Irene Till later worked for Sen. Estes Kefauver (D-Tennesee), chair of the Senate Antitrust and Monopoly Subcommittee from 1957 to 1963. In 1965, three years after Sen. Kefauver’s death, Till worked to publish under his name In a Few Hands; Monopoly Power in America, a consideration of monopoly and especially patent monopoly based on Kefauver’s hearings on the subject. The first chapter is titled “Monopoly and Prices: The Case of Drugs.” Near the end of the work, Till points out how the U.S. patent system differs from that of Europe when it comes to medicines:
The European countries have generally taken the position that public health is of such paramount concern to the national welfare that patents in the pharmaceutical field fall in a special category and warrant exceptions from the usual treatment accorded to patent grants. To this end, patents in most European countries are permitted on processes of manufacture but not on drug products, and provision is made for compulsory licensing if the process is not “worked” or if such licensing would serve “the public interest” or enhance the “public health” (233).
The U.S., by contrast, allows patents on drug products, not just methods of manufacture, and has no working requirement. In 1963, President Kennedy issued a memorandum that established a federal patent policy for inventions made in federally supported work. This policy distinguished inventions made in projects with federal support directed to public health from other inventions and imposed a working requirement on all federally supported inventions–in effect doing for inventions made in federally contracted work what the patent system did not do on its own. The parallel with the European approach leaps out.
Executive branch patent attorneys opposed to this policy of singling out public health inventions for special treatment adopted the argument that federal patent policy should be “uniform.” Cast as correcting the uncertainties of different federal agencies making differing decisions with regard to private ownership of inventions made in federal work, compounded by a number of federal statutes that required federal ownership unless an agency decided otherwise, a “uniform” policy’s underlying purpose is to undo special treatment for public health inventions–namely open access, generally, and in special cases private ownership but for any government purpose, and only then with a working requirement, called “march-in.” “Uniform” means, in effect, patents on drugs should not be singled out for special public interest oversight–not when the result of federally supported work, not ever.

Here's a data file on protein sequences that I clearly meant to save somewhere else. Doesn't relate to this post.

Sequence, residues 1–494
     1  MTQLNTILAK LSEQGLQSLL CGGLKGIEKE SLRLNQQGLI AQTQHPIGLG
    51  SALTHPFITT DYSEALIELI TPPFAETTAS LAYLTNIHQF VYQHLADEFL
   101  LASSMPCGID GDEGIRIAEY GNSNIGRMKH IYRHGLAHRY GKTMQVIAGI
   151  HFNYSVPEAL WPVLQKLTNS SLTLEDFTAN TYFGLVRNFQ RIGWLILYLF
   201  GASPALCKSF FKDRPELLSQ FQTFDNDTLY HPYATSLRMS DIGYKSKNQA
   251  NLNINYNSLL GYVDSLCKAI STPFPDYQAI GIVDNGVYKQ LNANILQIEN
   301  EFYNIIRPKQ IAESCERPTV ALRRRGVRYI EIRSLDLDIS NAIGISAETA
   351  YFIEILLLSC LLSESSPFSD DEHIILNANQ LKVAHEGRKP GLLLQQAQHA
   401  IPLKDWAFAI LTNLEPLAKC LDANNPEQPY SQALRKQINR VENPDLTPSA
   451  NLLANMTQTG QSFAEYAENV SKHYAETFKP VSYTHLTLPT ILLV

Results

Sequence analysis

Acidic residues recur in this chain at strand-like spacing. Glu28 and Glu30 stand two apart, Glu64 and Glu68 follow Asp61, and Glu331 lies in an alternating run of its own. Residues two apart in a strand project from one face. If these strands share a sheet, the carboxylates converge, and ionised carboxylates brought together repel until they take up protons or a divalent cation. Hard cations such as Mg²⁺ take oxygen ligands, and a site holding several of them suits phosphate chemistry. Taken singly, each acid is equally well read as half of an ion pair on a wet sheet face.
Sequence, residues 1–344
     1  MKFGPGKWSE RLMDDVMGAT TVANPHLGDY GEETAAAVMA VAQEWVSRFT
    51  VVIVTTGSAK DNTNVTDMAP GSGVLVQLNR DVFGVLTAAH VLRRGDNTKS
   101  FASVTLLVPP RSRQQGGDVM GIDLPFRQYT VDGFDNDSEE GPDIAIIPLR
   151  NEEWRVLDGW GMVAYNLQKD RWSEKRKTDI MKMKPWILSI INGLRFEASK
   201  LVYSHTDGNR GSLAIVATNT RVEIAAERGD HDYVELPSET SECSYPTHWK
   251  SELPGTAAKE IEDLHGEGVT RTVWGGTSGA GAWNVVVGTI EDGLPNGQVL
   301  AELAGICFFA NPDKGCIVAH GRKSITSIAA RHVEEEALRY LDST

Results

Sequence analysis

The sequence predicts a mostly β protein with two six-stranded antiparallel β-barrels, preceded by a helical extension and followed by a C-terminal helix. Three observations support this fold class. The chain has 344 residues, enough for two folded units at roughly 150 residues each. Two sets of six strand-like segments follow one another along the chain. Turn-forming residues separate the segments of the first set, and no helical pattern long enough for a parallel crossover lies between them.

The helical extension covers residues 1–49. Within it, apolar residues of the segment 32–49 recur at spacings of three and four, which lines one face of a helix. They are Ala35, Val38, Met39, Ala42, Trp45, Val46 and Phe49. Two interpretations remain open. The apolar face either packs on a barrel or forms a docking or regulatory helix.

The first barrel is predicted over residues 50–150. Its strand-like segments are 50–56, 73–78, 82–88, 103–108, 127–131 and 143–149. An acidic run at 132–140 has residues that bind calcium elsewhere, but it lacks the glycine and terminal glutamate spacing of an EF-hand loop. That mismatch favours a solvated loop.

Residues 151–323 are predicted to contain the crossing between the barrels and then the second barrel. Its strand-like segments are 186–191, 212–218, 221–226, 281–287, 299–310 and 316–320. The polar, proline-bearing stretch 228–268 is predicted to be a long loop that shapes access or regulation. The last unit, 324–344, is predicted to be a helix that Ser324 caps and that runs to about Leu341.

“Uniform” then is not merely an argument about regularizing federal agency practices in releasing federal claims on inventions as deliverables for open access; it is a cover for a broader defense of patents on drug products. Bayh-Dole accomplishes this re-conflation of public health patents with other patents, and at the same time makes the “march-in” procedures so unworkable that they have never been used–agencies are not required to march-in, the public has no right of appeal to initiate march-in, all invention status reports and licensing terms are made a government secret, and even if march-in were used, the process can be drawn out so long as to make any action to require licensing ineffective, ultimately landing in the Court of Federal Claims, where the process of discovery and argument starts anew.
In 1974, Norman Latker, the NIH patent counsel who restarted the Institutional Patent Agreement program for the NIH, and later drafted the Thornton bill in an effort to create a “uniform” federal patent policy, and still later drafted Bayh-Dole, and then led the drafting of Bayh-Dole’s agency regulations, and even later still drafted President Reagan’s 1983 memorandum overturning the Kennedy patent policy (as amended by Nixon) and expanding Bayh-Dole to all company contractors (as an end run around promises to limit Bayh-Dole to nonprofits and small companies) gave a talk in which he ridiculed Till and her arguments on patent monopolies:
Mrs. Till’s comments I will dispose of by merely indicating that they consisted of the same anti-patent, anti-creator, save-the-public-from-the-high-price-of-monopoly material she has peddled for fifteen years to and through various mentors.
Dr. Till–Latker refuses to recognize her training–has positions on patents as the result of “various mentors.” Latker makes it appear that it is not worth taking up Till’s points (as we have done) and providing a counter argument that addresses her concerns. Latker makes his claims skew from other arguments current in the public policy debate. Till is, in Latker’s representation, “anti-patent, anti-creator, save-the-public-from-the-high-price-of-monopoly.” Given what we have seen in our brief overview of Till’s arguments, Till was not anti-patent; she was against misuse of the patent system. She was not anti-creator; she was against allowing patent holders to expand their assertion of rights beyond what was constitutionally permitted. She was indeed concerned with the high price of monopoly products, including, for our discussion, drugs. Here’s Kefauver (with Till) on pricing of drugs in a patent monopoly: